Great write-up! I learned some new things that I really liked! There are a couple of things that I think you missed:

One, unlike just about everything else on the planet, Axiom uses a simple serial number (at least I believe they still do), which means that the paying customer is not hassled and punished (read: made to jump through copy protection hoops) because of pirates.
Excellent point, thanks for bringing that up.
And two (and this is a big one): The Re-guitar component (which is listed as included in Axiom on the front page of the Axiom site). I was hoping to get your opinions on this part of the program as well. I suspect you may not have noticed it, otherwise you would surely have mentioned it. :-)
It's under the Built-In FX section. Here's what the electric one offers:

Image

But it also does acoustic simulations...

Image

It's basically sophisticated EQ. I did a lot of guitar modeling for the ill-fated Gibson FBX, which involved analyzing guitars to find their spectral response. But, it was a much easier task because the FBX pickup providing the signal was 100% known and consistent. I didn't have to do one model assuming someone was using a single coil, someone else was using the bridge pickup or the neck, etc.

As far as I can tell, Re-Guitar does not involve profiling your instrument, like BIAS and Peavey do. So if you want a Variax-like model of a guitar sound, you may or may not get that, depending on the source guitar. However, what you do get is useful tonal variations.

I just received a beta for the new Peavey module that does "re-guitaring." I have several of the actual guitars Blue Cat, BIAS, and Peavey offer as transformations of your existing guitar. Although not really about amp sims per se, I'm hoping at some point to spend some serious time in the studio trying these different approaches, and finding out which ones sound most like the target instruments. Until I can do a more thorough review, for the moment I'll say that Re-Guitar provides useful tonal variations that do capture characteristic guitar sounds. Of course, the most difficult sound to capture is an acoustic guitar but it still sounds very much like an acoustic with an internal pickup.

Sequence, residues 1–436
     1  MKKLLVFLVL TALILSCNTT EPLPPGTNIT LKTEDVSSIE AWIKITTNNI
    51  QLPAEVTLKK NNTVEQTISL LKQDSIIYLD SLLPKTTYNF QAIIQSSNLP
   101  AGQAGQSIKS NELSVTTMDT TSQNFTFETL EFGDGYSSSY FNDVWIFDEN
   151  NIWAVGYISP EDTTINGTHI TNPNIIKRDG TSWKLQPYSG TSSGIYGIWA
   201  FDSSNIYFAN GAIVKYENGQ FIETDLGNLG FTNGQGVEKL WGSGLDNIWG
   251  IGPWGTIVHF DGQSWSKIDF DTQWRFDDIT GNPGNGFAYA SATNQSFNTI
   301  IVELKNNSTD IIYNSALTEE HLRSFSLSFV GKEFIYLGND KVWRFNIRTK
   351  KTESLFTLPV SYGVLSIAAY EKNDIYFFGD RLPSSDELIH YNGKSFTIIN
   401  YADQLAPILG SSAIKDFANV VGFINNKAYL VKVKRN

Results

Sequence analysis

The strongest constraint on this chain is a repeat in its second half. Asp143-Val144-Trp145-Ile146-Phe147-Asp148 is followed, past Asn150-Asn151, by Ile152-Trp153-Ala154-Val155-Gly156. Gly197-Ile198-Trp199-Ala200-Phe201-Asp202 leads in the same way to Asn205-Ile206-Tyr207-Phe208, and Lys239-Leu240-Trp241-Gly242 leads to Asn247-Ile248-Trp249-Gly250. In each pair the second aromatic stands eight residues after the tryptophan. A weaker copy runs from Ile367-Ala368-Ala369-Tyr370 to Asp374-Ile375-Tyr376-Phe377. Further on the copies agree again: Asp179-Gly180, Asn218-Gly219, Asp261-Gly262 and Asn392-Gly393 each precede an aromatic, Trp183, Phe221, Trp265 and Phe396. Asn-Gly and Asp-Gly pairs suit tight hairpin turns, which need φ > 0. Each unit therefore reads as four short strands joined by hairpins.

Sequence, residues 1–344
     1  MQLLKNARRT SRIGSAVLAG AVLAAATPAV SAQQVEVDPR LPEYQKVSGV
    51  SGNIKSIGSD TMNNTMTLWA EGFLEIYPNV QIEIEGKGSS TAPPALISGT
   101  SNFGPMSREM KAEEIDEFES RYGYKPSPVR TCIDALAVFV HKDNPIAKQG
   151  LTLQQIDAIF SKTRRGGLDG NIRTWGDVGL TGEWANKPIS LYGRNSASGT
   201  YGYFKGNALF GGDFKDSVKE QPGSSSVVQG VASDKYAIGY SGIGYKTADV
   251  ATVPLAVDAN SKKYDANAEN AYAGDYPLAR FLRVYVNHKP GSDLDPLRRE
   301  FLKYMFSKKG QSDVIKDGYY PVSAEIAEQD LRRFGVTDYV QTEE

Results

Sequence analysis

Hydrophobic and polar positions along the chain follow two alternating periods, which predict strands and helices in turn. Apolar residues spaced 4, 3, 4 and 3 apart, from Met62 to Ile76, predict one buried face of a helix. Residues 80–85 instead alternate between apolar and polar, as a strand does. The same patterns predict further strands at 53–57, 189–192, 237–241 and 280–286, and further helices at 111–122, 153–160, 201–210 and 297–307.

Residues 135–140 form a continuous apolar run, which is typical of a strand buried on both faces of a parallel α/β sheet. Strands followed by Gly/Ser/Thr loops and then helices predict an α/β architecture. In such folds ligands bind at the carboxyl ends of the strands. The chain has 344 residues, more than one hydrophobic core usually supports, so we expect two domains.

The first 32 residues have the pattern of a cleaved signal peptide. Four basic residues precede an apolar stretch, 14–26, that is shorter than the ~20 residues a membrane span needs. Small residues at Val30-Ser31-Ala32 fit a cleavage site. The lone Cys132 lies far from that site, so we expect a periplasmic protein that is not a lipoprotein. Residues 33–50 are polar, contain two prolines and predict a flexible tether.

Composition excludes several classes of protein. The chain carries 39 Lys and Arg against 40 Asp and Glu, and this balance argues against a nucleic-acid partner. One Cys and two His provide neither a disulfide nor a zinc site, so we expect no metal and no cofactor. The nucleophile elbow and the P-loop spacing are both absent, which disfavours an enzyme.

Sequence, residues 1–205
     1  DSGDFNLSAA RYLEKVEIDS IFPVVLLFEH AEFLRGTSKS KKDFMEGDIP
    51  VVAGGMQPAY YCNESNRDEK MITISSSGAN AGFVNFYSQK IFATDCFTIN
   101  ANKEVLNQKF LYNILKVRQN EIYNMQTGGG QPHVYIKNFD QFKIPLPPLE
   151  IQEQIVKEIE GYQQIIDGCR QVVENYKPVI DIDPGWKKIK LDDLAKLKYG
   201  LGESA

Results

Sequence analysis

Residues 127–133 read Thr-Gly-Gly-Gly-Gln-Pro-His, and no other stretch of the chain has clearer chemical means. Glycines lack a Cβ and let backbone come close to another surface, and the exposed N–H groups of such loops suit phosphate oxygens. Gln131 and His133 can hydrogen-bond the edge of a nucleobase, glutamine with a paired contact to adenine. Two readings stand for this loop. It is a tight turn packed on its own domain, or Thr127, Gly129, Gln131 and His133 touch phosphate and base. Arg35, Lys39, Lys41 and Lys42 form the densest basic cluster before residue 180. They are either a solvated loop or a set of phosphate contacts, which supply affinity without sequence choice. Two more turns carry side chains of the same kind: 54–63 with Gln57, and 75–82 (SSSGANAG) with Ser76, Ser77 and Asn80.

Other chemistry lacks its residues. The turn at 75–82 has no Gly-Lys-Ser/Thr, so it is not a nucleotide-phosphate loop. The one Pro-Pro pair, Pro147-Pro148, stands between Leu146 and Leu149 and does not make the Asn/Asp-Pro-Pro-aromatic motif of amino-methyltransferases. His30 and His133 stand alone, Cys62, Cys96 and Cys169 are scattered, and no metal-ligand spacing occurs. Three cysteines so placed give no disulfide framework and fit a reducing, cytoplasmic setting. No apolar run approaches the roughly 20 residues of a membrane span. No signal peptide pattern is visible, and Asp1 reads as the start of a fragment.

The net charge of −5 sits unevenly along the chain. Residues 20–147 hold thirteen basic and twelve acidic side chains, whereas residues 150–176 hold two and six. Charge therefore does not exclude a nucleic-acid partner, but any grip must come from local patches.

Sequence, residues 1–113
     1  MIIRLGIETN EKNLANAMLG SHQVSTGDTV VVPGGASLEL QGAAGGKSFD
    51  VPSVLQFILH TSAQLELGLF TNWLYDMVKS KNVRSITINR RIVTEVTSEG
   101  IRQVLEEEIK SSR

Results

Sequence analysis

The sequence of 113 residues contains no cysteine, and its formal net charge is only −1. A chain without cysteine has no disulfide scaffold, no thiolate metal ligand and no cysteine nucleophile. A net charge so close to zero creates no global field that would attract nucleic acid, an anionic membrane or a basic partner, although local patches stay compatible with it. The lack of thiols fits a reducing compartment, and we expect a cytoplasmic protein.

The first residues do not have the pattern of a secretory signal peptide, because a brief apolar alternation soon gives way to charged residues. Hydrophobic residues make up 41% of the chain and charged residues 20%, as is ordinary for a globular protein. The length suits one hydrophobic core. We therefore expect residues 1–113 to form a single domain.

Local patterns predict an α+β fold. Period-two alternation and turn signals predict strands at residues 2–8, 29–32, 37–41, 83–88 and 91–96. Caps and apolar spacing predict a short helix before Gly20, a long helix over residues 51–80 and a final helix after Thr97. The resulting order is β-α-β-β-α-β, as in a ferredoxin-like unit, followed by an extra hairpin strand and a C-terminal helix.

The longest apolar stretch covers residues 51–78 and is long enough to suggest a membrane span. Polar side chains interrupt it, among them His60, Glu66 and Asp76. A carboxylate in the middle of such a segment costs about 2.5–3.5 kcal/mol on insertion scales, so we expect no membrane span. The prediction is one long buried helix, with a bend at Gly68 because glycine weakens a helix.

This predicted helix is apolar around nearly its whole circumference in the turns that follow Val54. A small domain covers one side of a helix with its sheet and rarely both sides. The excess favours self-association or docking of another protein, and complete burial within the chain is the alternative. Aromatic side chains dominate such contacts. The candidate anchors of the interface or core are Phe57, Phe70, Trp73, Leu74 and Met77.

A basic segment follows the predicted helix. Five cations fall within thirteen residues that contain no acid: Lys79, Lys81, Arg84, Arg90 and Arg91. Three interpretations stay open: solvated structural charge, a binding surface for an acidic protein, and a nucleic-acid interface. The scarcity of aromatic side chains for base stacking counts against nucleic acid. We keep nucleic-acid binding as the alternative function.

So...download the demo, try it for yourself, and see what you think! Feel free to share your opinions here.
Overall, a great write up! This program looks to be something that's right down my alley, since my interest is currently in the dreamy, ambient, droning, spacey guitar sounds (as well as the usual rock guitar tones).
You are the target audience, for sure!!! You will be able to get your usual rock guitar tones, but what you can do in terms of sound design with Axiom is off the hook. I've not encountered any amp sim that is as comfortable in sound design-land as Axiom.
My educational website has launched! Read articles, see videos, read reviews, and more at https://craiganderton.org. Check out my music at YouTube.com/thecraiganderton, and visit my digital storefront at https://craiganderton.com. Thanks!

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Anderton
KVR Expert
128 posts since 4 Mar, 2004
KVR Expert

Re: The Big Guitar Amp Sim Roundup + Review

Post Fri Sep 06, 2019 9:43 am

Hello Blue Cat - thank you for your comments!
Blue Cat Audio wrote:
Fri Sep 06, 2019 5:04 am
Regarding complexity, as you mention, it can indeed be very deep if you want to, but it is just an option. Some of our customers (who are scared to open Pandora's box) rarely get into the details and just work with presets from the main panel: in AXIOM you can just load effect chains presets and Amp sim presets (they work like amp models, even though they are not exact replicates of existing gear), and tweak the usual amp-style parameters, without getting into the details.
True...I immediately wanted to open Pandora's box, so I hit the Edit mode buttons and didn't really think about using it simply...if you put a high-performance Lamborghini in front of me, I'm not going to drive it in first gear. :) That said, I re-visited Axiom for a while today, and pretended the Edit button didn't exist. You're right, it is possible to approach Axiom from a more basic standpoint. Many times, just altering the Dynamics control gave the sound I wanted.
Of course, once become experienced with it, you usually want to get more control over the tone and start expanding modules one after the other...